To be an ideal leader takes a lot of work and is nearly impossible. Ralph was elected leader in the novel Lord of the Flies by William Golding and in the novel, Ralph’s continuing struggles result in failure. Ralph could not maintain a sense of civilization, could not keep the boys working together, nor could he keep his position as chief, which results in his overall failure.
“The line between good and evil is permeable and almost anyone can be induced to cross it when pressured by situational forces.” This quote was said by Philip Zimbardo during his ‘Psychology of Evil’ TED talk. Zimbardo explains in his presentation what defines humans as good or evil. He goes into depth on the negative impact of the external environment of a person. He follows by saying his ideology of evil came from the novel Lord of The Flies by William Golding. In Lord of The Flies, Golding uses a variety of rhetorical strategies in order to create a story about a group of boys who crashed on a desert island and are forced to adapt to the primitive environment. …
Humans are known to make mistakes every once in awhile, but they can choose to learn from their mistakes or repeat them. In William Golding’s The Lord of the Flies, Ralph, Piggy, Jack, Simon, and a multitude of other young boys are deserted on an uninhabited island of paradise. They argued and fought each other, while not taking their situation as seriously as it was. Corruption formed between the opposing figures of authority, Jack and Ralph, and it resulted in most of the boys becoming brutal and relentless savages. With that ending, it is apparent that the boys made many mistakes along with the inevitable hardships the lack of civilization brought. Golding makes
On one hand, Jack is right on certain decisions. He uses his authority to lead people into the direction he wants to go, therefore making him a great leader. Being the leader of the choir boys shows that he has experience of leading others. On page 51 for example, “He (Jack) tried to convey the compulsion to track down and kill that was swallowing him up” which shows Jack’s transformation from a civilized kid, into a boy who is obsessed with hunting (Golding 51). Even so, Jack is one to set goals for himself and the group. He wants to kill a pig because the group needs something to eat to survive. By him setting this goal, he saves the group from starvation. Even though Jack wants to kill the pig as much as Ralph wants to get rescued,
In the book Lord of The Flies by William Golding, we realize that Ralph is not the stronger person but he does understand people more than what Jack does. Ralph uses his good qualities to help their society survive on the island. We all know that young kids like the boys need good leadership and stability so they have a better chance of living longer till they get saved. If they get saved. Ralph then goes and creates rules that all the boys need to follow by in order to keep everything under control. Meanwhile Jack doesn’t treat everyone fairly like Ralph does. This makes the boy listen to Ralph and what he has to say and not Jack. Ralph takes the time to listen to all the boys especially piggy and his thoughts on how everyone should be treated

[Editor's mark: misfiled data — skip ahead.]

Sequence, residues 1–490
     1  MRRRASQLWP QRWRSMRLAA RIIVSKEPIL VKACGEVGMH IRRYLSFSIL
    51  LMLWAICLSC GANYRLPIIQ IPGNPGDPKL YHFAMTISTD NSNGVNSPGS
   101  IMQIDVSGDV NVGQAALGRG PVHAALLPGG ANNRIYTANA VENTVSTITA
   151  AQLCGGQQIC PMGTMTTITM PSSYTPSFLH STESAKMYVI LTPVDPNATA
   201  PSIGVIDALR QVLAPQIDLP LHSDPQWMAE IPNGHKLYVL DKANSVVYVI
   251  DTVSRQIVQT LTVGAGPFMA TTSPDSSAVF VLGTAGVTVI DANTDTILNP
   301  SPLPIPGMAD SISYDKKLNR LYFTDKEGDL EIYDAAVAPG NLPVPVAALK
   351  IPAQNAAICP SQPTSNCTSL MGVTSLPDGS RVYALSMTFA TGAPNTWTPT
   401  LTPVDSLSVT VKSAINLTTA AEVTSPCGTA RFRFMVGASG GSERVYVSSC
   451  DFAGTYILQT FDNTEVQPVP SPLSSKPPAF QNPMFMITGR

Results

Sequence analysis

Leadership―an ability characterized by a person's capability to command, organize a plan of action, and recruit followers who will undertake these tasks. In the novel, Lord of the Flies, author William Golding illustrates this trait using two distinct characters with starkly different approaches to leadership: Ralph and Jack. When a plane crashed onto the island, a group of school-aged boys were found stranded, amid the destruction of war above. At first, there is a sense of concordance on how the island was to be run, as the wielder of the conch, Ralph was democratically elected. Ralph executes his orders with the objective of survival; he puts the boys on the island to work, making huts, scavenging the new territory, and hunting for food.
Though Jack was a successful leader, Jack’s style of leadership and his ideals as a leader are “wrong”. Keep in mind that “right” and “wrong” is subjective. Jack leads as a dictator which limits the rights of his members and as a group of boys striving to survive on the island, the members of the group should be part in the decision making. Jack’s main goal on the island is to sustain a living on the island and not to survive which is “wrong”. Though “wrong” as mentioned before, is subjective, Ralph’s goal is the most appropriate as it is part of the human instinct. The cause of the fall of Ralph’s tribe was because the littleuns found Jack’s group fun but it is mainly because of the fear of the beast as the littleuns believed that Jack could protect